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May 17, 2024 7:48 am

This isn’t quite the same thing, but when making my comprehensive 90s radio playlist, I had so many instances of “Oh wow, I totally forgot about this song!”

I’ll leave the link here to leave the possibility that it can lead to such discoveries for others.

(and also, if you have suggestions that aren’t on here, let me know. My requirement for inclusion is that I have to remember the song from that time)

https://open.spotify.com/playlist/3uPKHtjxmmawerDG8FwQoP?si=3db0dc16dbd74dd8

Virgindog
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May 17, 2024 8:04 am

On a related topic, for years I was certain that “True” by Spandau Ballet was a cover of a 1960s song. I thought it might have been by The Association, so I listened to as much Association as I could get my hands on at used record stores.

Come the Internet Age, Wikipedia tells me it’s not a cover. “It was written by the band’s lead guitarist and principal songwriter Gary Kemp to express his feelings for Altered Images lead singer Clare Grogan.”

So now I’m on a search for whatever song I thought they were covering. Any ideas about what 60s song sounds similar?

Low4
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May 17, 2024 10:00 am
Reply to  Virgindog

Who’s going to be Gregory’s girl?

Aaron3000
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May 18, 2024 10:48 am
Reply to  Virgindog

That could be an article all itself: songs you thought were covers but were really originals. A few years back I was deep in my CCM phase, and I was convinced that this Crowder song was a version of an old hymn. Turns out it was a new composition (he cowrote it), but it still reminds me of a hymn I’ve heard before but don’t know exactly what it is.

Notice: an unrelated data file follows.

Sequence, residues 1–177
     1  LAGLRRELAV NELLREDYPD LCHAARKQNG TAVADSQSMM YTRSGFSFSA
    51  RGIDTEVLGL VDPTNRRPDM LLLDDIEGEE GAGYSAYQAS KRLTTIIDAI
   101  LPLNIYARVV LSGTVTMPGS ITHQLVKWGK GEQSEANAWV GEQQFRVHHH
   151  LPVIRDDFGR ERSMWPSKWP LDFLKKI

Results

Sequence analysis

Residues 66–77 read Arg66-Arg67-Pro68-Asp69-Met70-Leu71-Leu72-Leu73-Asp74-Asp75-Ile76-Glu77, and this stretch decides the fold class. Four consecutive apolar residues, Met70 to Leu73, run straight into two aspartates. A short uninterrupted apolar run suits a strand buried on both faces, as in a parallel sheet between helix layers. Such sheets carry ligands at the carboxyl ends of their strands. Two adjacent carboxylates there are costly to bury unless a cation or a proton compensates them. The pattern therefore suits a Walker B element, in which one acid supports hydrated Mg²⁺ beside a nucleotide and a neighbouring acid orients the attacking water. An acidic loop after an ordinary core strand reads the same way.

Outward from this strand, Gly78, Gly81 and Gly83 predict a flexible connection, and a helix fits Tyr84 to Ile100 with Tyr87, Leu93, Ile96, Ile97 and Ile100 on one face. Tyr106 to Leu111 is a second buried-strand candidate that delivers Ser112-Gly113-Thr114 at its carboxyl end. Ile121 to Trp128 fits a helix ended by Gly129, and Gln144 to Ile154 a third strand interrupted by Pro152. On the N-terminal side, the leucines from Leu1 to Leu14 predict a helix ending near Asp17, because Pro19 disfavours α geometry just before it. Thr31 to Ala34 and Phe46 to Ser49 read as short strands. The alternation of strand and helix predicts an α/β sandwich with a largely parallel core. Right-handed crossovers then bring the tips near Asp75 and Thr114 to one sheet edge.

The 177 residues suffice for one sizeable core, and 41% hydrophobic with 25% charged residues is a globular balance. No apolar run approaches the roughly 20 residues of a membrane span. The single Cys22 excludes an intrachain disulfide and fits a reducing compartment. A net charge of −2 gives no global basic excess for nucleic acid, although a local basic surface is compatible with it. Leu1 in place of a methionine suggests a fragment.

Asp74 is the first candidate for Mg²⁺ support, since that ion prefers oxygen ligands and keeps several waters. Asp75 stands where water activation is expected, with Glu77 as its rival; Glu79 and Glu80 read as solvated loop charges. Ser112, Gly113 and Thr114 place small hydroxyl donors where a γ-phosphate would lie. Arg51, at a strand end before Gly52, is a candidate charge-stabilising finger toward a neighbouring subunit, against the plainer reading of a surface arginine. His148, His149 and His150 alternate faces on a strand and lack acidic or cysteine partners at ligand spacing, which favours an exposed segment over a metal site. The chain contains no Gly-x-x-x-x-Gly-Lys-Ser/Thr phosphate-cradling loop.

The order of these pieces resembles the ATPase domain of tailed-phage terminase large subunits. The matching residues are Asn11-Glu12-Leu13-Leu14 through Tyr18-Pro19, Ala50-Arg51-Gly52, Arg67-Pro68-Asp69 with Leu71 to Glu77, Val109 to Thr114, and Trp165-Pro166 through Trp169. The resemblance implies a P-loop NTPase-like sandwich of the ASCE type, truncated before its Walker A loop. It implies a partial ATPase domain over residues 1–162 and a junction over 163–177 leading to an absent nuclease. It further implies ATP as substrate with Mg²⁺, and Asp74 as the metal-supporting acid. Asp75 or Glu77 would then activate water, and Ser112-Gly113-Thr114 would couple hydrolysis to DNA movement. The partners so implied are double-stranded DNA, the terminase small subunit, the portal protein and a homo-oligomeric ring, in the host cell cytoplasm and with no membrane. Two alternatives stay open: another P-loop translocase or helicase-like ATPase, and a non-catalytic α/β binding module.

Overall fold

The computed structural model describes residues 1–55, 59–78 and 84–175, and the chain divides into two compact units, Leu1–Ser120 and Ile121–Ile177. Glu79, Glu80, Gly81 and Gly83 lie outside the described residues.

https://youtu.be/7tElvdnId4Q?si=VQkX41BpD91Ytrzo

rollerboogie
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May 18, 2024 2:31 pm
Reply to  Aaron3000

I thought “Tempted” by Squeeze was a Stevie Wonder cover for a good 20 years after it came out until a friend corrected me.

thegue
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May 17, 2024 9:21 am

Kids will NEVER know the thrill of finding a song’s title! I still get some excitement when I Shazam a song (while I embarrass my wife in a store, holding my phone up like I’m at a concert during a ballad), but it took me YEARS to find this song, which one of my tennis players played in his car.

He had no idea what the song was, and it took me about five years to find it.

(I’ll post it when I get home)

Low4
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May 17, 2024 10:01 am
Reply to  thegue

Tennis players unite!

thegue
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May 17, 2024 9:37 am

The music was mostly easy-listening: a genre that I enjoy more than most. Most of the songs were easily identified.

This is my shocked look.

thegue
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May 17, 2024 9:43 am

I will share one story about a song I knew the title of, but failed to purchase the 12″ when it came out, and my attempts to find it years later usually failed.

Clubland was a GREAT Eurodance act from the early 90s who had a couple of #1 hits on the Billboard dance chart, but ClubHOUSE was an Italian Eurodance act with a number #1 out a little earlier. I confused the two, and was unable to find it.

Until Napster.

I regularly used to share “Songs of the Week” with my classes, and one day in the early 00s I shared the story of that lost song. I didn’t have Napster yet, but a student did, and they burned a copy of the song and gave it to me.

https://youtu.be/NjLS-EYD9ao?si=apK9_2X39yY_sSrf

Phylum of Alexandria
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May 17, 2024 10:00 am

Whoah….I have actually just discovered a long-running mystery song!

In fact, I was in the middle of writing this comment as a plea to you all for help to solve the mystery. But then I did one last Google, and I finally struck gold.

When I was studying abroad in Japan (04-05), a friend played a song that I swore was Leonard Cohen. It sounded halfway between “Avalanche” and his gruffer, later stuff, like “Waiting For the Miracle.”